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To AuD or not to AuD; perhaps a BSc!

unitron at sentex.net unitron at sentex.net
Fri Nov 22 17:21:44 EST 1996

I've been reading lots of hate mail etc on the AuD and I have an opinion 
on the matter myself that my really make the ---- hit the fan.  I think 
the entry to AuDiology should be the BSC, like physiotherapy and 
Occupational therapy.  Lets face it, we are not as exact a science as 
optometry which has the 4 year doctorate.  Consider the bulk of our 
field which is the fitting of hearing aids.  A fitting formula may be a 
matter of philosophy; it is not correct or incorrect like a vision 
prescription is. Optometrists most often are trying to refocus light on 
to an intact retina, which is like fitting conductive hearing loss. We 
are trying to do with a hearing aid what the natural outer haircells do 
in the cochlea.  This is like the optometrist trying to restore normal 
vision by refocussing light on a retina that is all scratched up!  Our 
fitting formulas for hearing aids are like trying to pick up needles 
with mittens on. 

An AuD for our field may be a bark up the wrong tree.  With the Masters 
degree we do not really have 6 to 7 years of study for Audiology; on the 
contrary, we have about 3 years, all of them segregated at the graduate 
or near graduate level.  Why not take these 3 years early on right away 
at the BSC level?  In this way I think Larry Humes at the U of Indiana 
is correct by focussing on the BSC.  This degree should have courses 
like Acoustics, Bioacoustics, Psychoacoustics, etc during the first 2 
years, with several hearing aid classes further on.  Electrophysiology 
can also be included, with a final year of clinical practicum.  This way 
the newly-minted Audiologist is ready to begin in clinical practice 
right away without the extra CFY year.  

We presently make the Audiology/SLP major a concentration like a major 
in philosophy or history or math, and then pile it on in a 2 year 
Masters degree course.  I think we should take a close look at a 
concentrated 4 year BSc degree crammed with courses in Audiology and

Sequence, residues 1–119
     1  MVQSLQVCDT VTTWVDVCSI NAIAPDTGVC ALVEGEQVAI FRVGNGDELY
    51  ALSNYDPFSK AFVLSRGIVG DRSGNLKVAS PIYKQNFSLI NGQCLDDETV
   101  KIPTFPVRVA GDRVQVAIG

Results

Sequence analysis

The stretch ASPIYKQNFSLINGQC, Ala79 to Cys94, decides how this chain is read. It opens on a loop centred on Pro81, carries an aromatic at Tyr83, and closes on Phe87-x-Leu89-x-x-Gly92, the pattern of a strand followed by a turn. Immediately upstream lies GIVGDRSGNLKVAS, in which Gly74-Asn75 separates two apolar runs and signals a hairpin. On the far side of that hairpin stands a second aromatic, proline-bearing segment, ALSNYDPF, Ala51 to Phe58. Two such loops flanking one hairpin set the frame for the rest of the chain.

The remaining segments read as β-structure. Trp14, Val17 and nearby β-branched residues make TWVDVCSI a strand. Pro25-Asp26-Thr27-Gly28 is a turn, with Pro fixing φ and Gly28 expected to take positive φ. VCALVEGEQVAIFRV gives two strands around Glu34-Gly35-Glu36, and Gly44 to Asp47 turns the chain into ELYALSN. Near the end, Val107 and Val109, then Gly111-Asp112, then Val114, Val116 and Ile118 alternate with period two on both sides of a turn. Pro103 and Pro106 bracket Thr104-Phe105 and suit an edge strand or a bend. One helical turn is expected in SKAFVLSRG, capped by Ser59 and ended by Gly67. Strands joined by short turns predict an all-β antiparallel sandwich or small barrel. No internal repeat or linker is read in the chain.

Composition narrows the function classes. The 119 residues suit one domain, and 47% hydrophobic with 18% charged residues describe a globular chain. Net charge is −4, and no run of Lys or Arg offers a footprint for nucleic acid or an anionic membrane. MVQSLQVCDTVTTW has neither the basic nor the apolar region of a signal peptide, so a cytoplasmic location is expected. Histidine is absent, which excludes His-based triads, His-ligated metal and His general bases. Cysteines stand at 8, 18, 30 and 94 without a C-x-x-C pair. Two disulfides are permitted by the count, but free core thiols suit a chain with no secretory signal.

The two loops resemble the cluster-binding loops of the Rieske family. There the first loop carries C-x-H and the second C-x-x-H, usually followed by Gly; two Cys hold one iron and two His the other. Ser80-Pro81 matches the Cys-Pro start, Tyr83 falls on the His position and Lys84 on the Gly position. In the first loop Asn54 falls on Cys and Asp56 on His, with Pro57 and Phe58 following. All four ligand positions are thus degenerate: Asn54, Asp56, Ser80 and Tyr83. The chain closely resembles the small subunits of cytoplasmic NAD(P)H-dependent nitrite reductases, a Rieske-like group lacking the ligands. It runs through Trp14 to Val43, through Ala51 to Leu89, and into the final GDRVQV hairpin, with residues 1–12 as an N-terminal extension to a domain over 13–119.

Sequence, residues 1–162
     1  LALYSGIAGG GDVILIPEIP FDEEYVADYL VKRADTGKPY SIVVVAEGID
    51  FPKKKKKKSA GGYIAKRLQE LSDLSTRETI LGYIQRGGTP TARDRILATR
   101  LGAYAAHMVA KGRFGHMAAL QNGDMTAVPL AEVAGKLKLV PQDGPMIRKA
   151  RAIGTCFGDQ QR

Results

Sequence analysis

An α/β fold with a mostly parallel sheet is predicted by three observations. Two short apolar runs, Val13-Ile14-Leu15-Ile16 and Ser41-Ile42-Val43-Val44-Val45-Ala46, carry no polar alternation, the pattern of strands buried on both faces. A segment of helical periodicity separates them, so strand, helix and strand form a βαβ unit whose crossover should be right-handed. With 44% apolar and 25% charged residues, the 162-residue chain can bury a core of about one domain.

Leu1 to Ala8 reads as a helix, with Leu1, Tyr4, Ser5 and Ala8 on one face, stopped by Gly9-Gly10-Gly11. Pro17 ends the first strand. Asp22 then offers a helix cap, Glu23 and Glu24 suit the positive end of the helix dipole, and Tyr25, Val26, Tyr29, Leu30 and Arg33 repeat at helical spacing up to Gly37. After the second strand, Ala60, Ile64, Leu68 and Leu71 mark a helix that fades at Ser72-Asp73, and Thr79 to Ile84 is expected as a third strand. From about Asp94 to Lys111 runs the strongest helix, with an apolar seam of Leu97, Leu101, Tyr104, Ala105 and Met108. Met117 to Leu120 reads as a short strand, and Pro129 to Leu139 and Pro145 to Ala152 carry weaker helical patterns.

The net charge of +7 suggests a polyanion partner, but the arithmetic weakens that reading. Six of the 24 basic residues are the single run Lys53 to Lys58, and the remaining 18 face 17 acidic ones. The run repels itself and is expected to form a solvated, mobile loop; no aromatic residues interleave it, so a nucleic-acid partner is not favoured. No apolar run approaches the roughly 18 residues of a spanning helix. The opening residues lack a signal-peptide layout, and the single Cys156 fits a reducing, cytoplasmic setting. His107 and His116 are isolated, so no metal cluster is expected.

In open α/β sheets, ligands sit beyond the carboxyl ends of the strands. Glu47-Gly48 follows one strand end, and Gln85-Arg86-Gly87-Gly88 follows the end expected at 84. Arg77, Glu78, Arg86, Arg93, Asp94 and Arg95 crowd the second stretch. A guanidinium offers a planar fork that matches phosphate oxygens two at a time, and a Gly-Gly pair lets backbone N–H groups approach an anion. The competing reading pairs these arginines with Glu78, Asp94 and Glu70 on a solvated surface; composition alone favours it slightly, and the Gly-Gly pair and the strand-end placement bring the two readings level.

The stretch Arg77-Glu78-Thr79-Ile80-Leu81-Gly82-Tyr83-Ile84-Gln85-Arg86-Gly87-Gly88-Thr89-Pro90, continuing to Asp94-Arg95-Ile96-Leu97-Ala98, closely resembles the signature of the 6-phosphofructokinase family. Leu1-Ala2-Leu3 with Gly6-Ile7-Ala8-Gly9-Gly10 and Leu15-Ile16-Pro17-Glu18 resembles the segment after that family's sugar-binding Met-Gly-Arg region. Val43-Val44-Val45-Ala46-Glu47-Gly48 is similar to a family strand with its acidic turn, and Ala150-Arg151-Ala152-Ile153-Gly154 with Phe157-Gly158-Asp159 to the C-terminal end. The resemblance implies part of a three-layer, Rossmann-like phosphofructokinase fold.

call that person an Audiologist.

I realize that this view runs smack dab into the face of what ASHA 
has fought for years, namely, the establishement of a profession 
where the minimal entry degree is the Masters degree.  But what is 
the use of studying politcal science, history, etc in a liberal arts 
degree and getting a major in communication Disorders - and then going 
on for the Master's degree where we finally get to really study the 
profession?  Why not study the relevant clinical and academic topics 
right away?  Have physiotherapy and occupational therapy really suffered 
as professions because they did this?  I think not.  

The BSc could become the designated degree for ANYONE who wishes 
to fit hearing aids, including the fabled "Dispenser" who may 
have no degree whatsoever.  A BSc makes the road somewhere in 
between the Masters degree and the correspondance training 
offered by many Dispensing curricula.  

Perhaps the person who wishes to specialize in further areas should then 
go for the MSc or even the AuD for another 2-3 years.  That person would 
SPECIALIZE in say cochlear implants, implantable hearing aids, 
otoacoustic emissions, vestibular research, or anything!!  In short, we 
could do what the profession of pharmacology does: offer the BSc 
and then the Pharm D.

I just wanted to express an opinion on a matter that is volatile and 
also a matter for which an easy solution is hard to find. Sometimes the 
truth is halfway in between.  Sometimes the answer isn't A or B but C.  
Enough of my nattering epistle. Thanks for reading.

"NoBart" or tvenema at unitron.com

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